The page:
Eventually, a prediction model based on the DEGs between hot and cold tumors was constructed, and this model could predict the overall survival of patients with treatment naïve melanoma. The model comprises seven genes which can be easily detected and guide the clinical treatment of melanoma. Notably, we found that this model performed efficiently in predicting the survival of patients under immunotherapy. However, the model has a few limitations; first, we only used one data set as an external validation cohort with a limited number of patients. Secondly, an optimal cut-off of risk score was used to divide the patients into high and low-risk scores, potentially reducing the predictive performance of the model. Thirdly, this model did not apply to melanoma patients under all types of therapies.
In this conclusion, we performed a detailed analysis of immune infiltration in melanoma. Our findings revealed that patients with high immune infiltration had a better survival and immune response. Moreover, the knockdown of TYRP1 promoted the expression of MHC class I and serving as a potential target. We constructed a prediction model with seven genes, which performed effectively in predicting survival of treatment naïve melanoma patients or untreated with anti-PD1. This work provides an in-depth insight into immune infiltration and the prediction model can used to guide the treatment of patients with melanoma.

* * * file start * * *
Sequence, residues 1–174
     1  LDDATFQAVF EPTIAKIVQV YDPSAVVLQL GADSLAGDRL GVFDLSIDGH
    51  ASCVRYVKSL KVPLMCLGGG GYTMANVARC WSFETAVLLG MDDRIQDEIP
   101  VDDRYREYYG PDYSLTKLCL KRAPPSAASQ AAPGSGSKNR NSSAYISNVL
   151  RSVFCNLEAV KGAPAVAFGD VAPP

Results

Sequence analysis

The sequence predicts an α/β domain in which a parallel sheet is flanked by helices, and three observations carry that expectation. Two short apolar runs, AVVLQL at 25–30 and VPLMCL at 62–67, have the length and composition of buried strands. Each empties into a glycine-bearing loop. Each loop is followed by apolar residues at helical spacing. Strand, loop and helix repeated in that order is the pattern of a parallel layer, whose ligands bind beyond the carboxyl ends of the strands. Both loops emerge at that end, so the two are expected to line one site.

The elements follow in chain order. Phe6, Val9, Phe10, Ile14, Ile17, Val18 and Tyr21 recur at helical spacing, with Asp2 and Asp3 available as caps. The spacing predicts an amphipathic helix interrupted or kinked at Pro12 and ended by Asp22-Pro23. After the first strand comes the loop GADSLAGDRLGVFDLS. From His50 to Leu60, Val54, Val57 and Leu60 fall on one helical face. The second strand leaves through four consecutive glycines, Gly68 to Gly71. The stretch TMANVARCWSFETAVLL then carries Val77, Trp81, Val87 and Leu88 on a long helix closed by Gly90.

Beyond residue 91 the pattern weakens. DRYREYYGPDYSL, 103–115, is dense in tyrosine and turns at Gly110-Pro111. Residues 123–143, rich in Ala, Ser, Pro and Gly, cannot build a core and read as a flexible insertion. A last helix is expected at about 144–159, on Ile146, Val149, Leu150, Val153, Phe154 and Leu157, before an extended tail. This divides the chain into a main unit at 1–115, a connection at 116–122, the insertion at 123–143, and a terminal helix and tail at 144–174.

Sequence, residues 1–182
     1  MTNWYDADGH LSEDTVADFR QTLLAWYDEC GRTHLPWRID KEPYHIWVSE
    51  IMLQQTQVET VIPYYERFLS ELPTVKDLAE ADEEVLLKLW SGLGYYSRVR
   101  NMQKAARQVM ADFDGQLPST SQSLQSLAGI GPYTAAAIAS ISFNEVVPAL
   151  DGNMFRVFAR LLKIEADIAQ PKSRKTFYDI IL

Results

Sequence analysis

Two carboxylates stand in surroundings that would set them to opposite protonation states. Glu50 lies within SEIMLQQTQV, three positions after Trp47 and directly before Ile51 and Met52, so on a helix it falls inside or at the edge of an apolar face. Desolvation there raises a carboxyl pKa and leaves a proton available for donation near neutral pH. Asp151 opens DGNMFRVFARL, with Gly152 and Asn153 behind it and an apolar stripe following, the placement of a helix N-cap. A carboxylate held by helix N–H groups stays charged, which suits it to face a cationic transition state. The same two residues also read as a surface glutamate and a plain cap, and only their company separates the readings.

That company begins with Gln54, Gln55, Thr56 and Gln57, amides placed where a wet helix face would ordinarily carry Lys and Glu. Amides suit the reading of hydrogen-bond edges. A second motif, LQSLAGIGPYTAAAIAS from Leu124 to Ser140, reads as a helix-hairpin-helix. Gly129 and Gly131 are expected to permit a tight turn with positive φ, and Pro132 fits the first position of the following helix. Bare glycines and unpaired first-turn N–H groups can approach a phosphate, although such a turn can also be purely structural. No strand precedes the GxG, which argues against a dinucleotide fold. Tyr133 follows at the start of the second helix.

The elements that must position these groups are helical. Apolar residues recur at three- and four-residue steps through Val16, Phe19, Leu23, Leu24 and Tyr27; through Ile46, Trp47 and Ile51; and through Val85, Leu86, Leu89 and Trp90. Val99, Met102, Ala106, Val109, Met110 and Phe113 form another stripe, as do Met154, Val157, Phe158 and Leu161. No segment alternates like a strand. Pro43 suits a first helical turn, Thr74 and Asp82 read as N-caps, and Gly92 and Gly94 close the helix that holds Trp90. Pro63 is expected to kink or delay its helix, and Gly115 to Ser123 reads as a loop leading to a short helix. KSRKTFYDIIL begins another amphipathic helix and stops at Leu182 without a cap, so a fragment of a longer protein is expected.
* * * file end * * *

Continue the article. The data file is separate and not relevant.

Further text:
Data Availability Statement
Publicly available datasets were analyzed in this study. This data can be found here: (https://xenabrowser.net/); GSE78220, GSE91061.
GL designed the experiments. GL and XZ performed the experiments and analyzed the data. XZ and CL conceived the work, analyzed the data, and prepared the manuscript. All authors critically revised the manuscript and agreed to be accountable for all aspects of the manuscript. All authors contributed to the article and approved the submitted version.
Conflict of Interest